APA’s Board of Educational Affairs gave Clover its first “Golden
Psi Award,” a $1,000 prize that recognizes schools that use
evidence-based psychological science and measurement to
facilitate students’ academic, social and emotional growth.
The award recognizes schools that use effective and innovative
environments for student learning and development, says Tammy
Hughes, PhD, professor and chair of counseling, education and
special education at Duquesne University.
“It’s about how psychology can help schools measure what
is working, what is not working and then help educators make
adjustments at the individual, classroom or program level,” says
Hughes, who chaired the BEA task force that developed the award.
BEA plans to give one award per year to a school that best
exemplifies those criteria, says Hughes. Each year, the school
will be chosen from the same region that hosts APA’s Annual
Convention. That way the application process will have a local
feel and will enable BEA task force members and other APA
representatives to invite local educators to highlight the award
and share ways APA can help schools meet their goals, Hughes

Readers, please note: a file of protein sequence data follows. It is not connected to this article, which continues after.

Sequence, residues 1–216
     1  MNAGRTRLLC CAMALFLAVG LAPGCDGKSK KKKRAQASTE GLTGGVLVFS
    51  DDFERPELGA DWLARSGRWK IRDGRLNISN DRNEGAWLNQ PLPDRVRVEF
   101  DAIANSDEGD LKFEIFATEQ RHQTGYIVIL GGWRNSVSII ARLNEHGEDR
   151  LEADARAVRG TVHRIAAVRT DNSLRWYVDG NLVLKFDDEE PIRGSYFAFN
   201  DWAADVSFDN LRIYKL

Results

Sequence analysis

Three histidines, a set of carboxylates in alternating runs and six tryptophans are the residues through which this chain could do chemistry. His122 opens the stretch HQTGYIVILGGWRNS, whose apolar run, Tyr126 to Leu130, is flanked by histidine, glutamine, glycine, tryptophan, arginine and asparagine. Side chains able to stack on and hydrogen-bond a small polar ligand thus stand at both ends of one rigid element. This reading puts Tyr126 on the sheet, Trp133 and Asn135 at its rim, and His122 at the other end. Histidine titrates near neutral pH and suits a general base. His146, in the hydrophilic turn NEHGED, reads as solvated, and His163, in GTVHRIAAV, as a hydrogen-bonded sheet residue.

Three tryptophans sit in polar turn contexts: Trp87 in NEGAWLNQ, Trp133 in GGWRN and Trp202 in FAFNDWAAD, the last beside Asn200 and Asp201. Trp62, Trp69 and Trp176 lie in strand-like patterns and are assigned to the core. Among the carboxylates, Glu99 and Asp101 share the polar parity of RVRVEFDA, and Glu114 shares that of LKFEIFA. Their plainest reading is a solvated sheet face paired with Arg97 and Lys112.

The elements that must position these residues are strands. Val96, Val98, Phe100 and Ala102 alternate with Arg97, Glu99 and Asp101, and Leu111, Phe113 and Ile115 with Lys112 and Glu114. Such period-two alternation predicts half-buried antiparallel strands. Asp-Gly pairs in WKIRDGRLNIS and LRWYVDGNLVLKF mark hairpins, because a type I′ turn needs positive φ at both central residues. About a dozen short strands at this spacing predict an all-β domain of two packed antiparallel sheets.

Affairs’ Golden Psi Award recognizes K– 12
schools that use psychological knowledge
to foster children’s academic, social and
Clover Avenue Elementary School in West Los Angeles was the only one among more than 650 schools in the L.A. Unified School District to receive a 2012 National
Blue Ribbon Award, a U.S. Department of Education accolade
that recognizes K– 12 schools that show significant student
achievement or improvement. Its test scores tell why: 97 percent
of fifth-graders in 2011–12 scored “proficient” or above on
California’s standardized math tests, and 90 percent did equally
well on reading tests.
Academic prowess is just part of Clover Elementary’s success.
The school also prides itself on supporting the whole child. It
offers mentoring programs where older kids help younger kids
with basic skills, reading and play. It offers a team approach
to teaching and academic activities. It encourages a high level
of parental involvement. And it promotes community-service
activities for children, like getting them involved in recycling.
“When kids start to see that being successful includes the
social and emotional side of things, it gives them a deeper sense
of themselves, and they’re more receptive to learning,” says the
school’s principal, Sharon Fabian.
In recognition of those characteristics and more, this year,
BY TORI DEANGELIS